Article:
|Three Hills Inn
Warm Springs, Virginia
|Three Hills was opened as an Inn in 1917 by Ms. Mary Johnston and her two sisters. The Inn, now on the National Register of Historic Places, developed itself, its breathtaking view of the Alleghenies and the charm of its hostesses. The Inn became a frequent gathering place of Virginia's gentry. Three Hills passed from the Johnston family in 1955 and has continued to receive guests off and on since then. The inn has been officially recognized and honored by the Virgina Business and Professional Women's Foundation, The Foundation for the Humanities and Public Policy as a site on the Women of Virginia Historic Trail.
It is said that Mary Johnston often visited the area baths as a young woman in search of health. It is also said that she built the knoll-top mansion with the proceeds from "To Have and To Hold," thinking more commercial successes were to come. They weren't.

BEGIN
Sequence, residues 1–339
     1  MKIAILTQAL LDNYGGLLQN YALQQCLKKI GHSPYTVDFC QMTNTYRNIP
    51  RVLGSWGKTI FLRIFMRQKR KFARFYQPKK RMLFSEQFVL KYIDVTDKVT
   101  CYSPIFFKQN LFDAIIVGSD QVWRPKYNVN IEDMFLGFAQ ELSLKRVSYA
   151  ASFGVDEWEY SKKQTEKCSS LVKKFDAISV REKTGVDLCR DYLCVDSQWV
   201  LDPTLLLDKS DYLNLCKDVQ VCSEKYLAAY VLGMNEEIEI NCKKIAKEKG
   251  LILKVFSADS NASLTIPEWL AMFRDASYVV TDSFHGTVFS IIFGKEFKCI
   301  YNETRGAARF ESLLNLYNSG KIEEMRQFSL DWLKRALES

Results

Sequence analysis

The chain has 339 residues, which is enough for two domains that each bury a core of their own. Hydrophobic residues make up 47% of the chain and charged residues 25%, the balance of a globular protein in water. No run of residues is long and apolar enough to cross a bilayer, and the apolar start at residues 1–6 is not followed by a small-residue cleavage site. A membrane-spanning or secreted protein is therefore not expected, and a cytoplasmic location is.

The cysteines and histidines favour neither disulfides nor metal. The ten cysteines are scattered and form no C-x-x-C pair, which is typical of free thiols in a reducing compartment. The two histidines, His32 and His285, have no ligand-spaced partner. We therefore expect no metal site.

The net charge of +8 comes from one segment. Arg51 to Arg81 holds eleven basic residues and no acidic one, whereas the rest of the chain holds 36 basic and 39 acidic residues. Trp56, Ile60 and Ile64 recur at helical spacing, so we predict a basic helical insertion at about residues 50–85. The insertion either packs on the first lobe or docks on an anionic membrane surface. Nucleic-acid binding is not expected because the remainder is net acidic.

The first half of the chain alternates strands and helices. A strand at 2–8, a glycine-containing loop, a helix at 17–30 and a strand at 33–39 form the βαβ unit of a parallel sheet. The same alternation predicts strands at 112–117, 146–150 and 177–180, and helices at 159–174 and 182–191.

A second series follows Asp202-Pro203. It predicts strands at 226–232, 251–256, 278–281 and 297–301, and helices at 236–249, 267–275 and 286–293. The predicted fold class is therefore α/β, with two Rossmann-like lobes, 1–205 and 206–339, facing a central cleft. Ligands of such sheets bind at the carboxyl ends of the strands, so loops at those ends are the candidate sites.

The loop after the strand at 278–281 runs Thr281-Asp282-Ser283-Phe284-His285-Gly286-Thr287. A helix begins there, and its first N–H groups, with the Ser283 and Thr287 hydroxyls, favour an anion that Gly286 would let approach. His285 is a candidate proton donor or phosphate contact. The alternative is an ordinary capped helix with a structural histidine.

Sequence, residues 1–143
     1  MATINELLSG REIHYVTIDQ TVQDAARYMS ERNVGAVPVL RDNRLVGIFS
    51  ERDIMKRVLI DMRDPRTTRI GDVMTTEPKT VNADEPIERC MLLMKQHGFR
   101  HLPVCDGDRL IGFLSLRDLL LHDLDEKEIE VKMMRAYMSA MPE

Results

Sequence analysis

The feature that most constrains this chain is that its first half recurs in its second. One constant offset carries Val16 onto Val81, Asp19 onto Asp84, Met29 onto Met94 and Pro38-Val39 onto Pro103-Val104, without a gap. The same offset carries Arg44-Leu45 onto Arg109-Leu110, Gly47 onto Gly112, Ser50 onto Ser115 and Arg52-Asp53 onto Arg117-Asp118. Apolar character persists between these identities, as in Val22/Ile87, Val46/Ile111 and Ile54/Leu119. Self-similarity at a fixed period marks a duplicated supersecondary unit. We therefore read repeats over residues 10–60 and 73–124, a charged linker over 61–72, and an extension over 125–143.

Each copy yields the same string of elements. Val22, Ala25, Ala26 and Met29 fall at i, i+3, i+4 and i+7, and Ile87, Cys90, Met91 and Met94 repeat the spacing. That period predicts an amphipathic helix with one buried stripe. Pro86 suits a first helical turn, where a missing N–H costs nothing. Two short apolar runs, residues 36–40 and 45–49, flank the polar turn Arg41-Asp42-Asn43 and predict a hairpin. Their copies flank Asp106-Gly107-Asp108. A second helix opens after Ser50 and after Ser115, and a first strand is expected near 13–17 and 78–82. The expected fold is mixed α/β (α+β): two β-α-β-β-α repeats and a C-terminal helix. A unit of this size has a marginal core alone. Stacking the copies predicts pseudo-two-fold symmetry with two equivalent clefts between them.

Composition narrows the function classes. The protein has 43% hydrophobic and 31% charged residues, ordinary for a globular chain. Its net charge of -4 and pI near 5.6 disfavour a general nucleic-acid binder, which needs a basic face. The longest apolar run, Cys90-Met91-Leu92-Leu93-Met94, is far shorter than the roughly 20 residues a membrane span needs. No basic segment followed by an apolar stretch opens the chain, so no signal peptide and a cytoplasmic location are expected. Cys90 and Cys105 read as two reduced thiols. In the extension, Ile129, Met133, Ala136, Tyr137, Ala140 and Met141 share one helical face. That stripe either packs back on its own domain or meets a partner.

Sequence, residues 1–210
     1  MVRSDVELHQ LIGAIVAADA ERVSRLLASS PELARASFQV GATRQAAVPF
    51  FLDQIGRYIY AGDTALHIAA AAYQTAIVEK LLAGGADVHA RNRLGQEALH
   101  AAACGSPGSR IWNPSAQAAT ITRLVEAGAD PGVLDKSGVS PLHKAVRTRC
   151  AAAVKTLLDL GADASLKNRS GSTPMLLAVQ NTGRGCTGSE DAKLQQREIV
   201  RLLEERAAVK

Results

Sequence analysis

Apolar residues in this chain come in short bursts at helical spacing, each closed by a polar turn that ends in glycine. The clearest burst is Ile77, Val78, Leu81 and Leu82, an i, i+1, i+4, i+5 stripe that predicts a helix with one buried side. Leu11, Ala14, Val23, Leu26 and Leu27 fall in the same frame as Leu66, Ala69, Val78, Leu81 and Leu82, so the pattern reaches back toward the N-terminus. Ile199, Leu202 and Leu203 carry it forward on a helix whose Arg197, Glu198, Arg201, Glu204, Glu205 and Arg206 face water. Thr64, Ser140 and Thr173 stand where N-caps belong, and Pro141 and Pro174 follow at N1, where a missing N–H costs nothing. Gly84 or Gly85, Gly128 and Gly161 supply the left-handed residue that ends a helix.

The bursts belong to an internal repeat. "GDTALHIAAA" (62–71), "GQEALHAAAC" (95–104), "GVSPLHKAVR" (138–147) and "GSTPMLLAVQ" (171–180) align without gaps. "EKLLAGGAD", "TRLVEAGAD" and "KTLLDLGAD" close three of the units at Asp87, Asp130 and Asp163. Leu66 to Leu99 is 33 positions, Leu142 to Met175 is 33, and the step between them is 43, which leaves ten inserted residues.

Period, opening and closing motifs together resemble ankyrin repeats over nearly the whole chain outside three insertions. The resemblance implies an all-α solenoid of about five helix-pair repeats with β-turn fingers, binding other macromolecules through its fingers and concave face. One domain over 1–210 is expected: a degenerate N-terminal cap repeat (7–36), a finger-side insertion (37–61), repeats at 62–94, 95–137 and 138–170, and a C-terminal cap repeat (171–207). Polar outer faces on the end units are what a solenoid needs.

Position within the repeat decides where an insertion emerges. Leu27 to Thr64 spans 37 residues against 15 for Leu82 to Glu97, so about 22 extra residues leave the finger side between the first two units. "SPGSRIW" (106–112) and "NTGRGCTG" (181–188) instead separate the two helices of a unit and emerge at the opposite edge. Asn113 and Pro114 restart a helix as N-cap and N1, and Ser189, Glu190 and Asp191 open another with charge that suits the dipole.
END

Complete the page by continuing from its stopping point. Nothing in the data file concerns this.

Despite critical acclaim for the Civil War novels, despite the mixed reviews of her groundbreaking feminist novel "Hagar," Johnston couldn't make a living from her writing. Johnston didn't spare expense when she built the house, named for the view of the three hills in the distance - with a backdrop of West Virginia mountains. Its foundation, made of the now-rare American chestnut, has not settled at all, nor has a single termit managed to worm its way in.
In 1923, Johnston wrote an impassioned essay for The Washington Herald promoting mixed marriages-of Jews and Gentiles, rich people and poor. A woman should marry for love, she wrote, or not at all. "On the whole, it seems to me the young woman of today, cigarettes and so on to the contrary, is as wife and mother the superior of the young woman of yesterday," she wrote. But women still deserved equality and Johnston argued that the key to it was economic independence.
The first woman to address the Virginia General Assembly, Johnston shocked people with her outspokenness on the suffrage issue. She also shocked them when she took to mysticism, the subject of most of the later books, including "Silver Cross," "Sweet Rocket," and "Michael Forth."
"I think she was always ahead of herself, which is why she has largely been overlooked," says Anita Firebaugh who has research Mary Johnston. "But you can read 'Hagar,' and... that book's as relevant now as it was back then.